Preparing for a kayak trip, for me, involves a loosely assembled list of various items that would be anything from "handy" to "essential" to "superfluous", depending on ones perspective. The good thing about kayaks is that they really do only carry a finite payload and exceeding it is just not a good idea. As it stands now, this day before departure, our kayaks are all packed with what we intend to bring, stowed in dry bags and fitted together in geometrically compatible fashion, not unlike the old video game, TETRIS.There are a few more things that will not exactly fit in a preordained place and so, of course, a bit of refinement will be required, and hopefully still, we'll be able toget everything "essential" loaded, and still have enough room for the "handy" and "superfluous". For some reason, if there is a space to fill, I manage to fill it.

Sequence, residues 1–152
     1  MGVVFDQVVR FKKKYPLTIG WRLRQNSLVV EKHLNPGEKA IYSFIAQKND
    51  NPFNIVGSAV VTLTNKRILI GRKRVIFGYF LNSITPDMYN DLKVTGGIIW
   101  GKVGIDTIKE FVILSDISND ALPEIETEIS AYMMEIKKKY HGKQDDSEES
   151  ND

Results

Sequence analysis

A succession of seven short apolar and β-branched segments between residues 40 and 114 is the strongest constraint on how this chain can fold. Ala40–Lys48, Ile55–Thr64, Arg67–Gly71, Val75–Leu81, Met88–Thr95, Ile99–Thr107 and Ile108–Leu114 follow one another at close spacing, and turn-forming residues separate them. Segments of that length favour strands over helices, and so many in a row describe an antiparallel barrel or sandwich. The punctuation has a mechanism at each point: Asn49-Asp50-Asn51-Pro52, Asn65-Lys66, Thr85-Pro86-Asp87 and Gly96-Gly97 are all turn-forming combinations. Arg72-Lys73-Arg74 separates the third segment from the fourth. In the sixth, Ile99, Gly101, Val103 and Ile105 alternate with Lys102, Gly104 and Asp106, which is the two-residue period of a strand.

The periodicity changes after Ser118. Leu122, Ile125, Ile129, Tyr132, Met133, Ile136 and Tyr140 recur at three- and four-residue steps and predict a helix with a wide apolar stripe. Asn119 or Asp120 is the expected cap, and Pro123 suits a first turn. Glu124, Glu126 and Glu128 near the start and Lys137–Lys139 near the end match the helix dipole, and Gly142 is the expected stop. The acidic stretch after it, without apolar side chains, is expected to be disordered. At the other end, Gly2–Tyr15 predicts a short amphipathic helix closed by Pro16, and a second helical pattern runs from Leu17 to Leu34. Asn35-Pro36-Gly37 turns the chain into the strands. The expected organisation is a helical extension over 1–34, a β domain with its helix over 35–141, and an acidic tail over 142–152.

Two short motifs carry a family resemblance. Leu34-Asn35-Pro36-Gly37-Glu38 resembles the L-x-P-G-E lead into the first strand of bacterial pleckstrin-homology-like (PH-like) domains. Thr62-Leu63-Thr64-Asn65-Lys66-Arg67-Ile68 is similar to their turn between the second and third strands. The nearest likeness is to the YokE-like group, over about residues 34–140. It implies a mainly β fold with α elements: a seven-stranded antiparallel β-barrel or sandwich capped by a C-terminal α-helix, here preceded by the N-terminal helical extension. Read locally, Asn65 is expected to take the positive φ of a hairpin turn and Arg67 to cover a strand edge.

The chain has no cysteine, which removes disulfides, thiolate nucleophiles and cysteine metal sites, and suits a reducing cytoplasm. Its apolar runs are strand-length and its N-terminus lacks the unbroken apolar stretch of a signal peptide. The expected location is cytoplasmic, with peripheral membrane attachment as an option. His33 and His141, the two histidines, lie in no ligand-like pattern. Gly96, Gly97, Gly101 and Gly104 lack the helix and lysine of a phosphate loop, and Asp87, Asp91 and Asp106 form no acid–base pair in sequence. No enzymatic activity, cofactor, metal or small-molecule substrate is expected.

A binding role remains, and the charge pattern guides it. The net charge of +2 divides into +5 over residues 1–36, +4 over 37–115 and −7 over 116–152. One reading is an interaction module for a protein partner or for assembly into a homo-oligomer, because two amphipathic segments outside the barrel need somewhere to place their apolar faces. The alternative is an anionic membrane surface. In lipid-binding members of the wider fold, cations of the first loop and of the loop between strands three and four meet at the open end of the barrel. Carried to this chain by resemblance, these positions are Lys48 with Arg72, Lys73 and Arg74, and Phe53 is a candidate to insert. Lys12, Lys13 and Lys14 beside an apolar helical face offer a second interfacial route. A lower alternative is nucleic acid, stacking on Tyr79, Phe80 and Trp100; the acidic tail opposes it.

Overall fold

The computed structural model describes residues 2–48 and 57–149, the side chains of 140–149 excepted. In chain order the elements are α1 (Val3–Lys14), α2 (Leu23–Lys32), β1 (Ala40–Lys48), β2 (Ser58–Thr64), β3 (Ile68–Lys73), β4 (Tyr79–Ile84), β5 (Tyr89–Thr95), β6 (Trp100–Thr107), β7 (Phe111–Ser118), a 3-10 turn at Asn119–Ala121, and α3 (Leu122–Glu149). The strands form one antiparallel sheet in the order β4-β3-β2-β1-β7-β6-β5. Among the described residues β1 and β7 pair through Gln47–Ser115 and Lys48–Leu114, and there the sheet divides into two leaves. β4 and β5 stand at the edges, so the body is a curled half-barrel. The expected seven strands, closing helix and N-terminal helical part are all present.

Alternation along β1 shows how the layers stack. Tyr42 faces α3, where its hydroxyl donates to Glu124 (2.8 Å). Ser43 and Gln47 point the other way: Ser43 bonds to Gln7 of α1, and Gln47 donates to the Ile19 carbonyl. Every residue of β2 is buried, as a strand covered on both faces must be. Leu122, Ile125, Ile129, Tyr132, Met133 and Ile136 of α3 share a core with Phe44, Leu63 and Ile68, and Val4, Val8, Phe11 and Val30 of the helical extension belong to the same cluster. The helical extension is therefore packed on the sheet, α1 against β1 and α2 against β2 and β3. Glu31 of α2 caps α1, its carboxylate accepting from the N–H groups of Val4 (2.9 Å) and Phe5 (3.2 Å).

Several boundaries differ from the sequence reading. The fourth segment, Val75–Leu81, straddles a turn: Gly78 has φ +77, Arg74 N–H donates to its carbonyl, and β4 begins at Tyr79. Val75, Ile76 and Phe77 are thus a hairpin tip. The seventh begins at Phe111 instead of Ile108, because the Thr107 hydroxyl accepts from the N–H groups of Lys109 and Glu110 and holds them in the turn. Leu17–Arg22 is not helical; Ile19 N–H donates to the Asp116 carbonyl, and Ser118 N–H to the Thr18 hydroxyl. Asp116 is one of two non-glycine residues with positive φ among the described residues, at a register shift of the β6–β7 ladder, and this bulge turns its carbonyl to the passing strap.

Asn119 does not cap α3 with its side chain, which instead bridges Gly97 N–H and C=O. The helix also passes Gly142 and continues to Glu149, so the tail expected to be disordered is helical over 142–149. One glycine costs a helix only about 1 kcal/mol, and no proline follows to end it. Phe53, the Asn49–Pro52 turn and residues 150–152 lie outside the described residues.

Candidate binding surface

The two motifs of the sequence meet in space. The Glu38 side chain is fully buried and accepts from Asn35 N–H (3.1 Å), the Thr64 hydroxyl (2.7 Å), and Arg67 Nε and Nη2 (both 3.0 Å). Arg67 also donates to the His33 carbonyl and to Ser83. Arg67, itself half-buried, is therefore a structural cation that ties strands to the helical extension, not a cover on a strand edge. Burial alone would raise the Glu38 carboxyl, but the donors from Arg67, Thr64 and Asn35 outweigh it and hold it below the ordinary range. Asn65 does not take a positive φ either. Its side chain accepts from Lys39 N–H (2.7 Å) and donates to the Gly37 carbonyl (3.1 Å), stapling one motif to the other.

Luckily, I have Brian to help me focus my energies away from the most superfluous expenditures of energy, so this harebrained adventure may be somewhat less harebrained than usual. Where's the fun in that? We are bringing our share toys and gadgets; I've got my camera, of course. This time I will be getting pictures! Last time we did this trip, two summers ago with Dave and Sally, I took about 500 pictures over three days, saved safely on ONE of my compact flash media cards... which, after being swapped out full ON THE LAST DAY, never made the trip back to Whittier and subsequently home safely, to be uploaded on my computer and disseminated across the internet. I will admit here that indeed, that is part of the reason I'm doing this trip again. the pictures I got were truly amazing with calving glaciers, families of seals hauled out on floating ice blocks, bold little otters swimming up close and personal, and with the zoom I had, I was able to bring them even closer. Alas, there is only one day's worth of photo documentation of that trip, consisting of a bunch of close-up shots of honey dews we found at our last rest stop, an eagle in a tree, and a bored otter. No Ice, seals, or even our camp site. Luckily, Sally had her camera, but no zoom and so she provided me with her wonderfully composed and exposed shots of things taken with normal or macro lenses. I'm also bringing a small video camera as well, since calving ice is a bit to kinetic to sufficiently document in still format. kicking and screaming, I'm being dragged into the 20th century.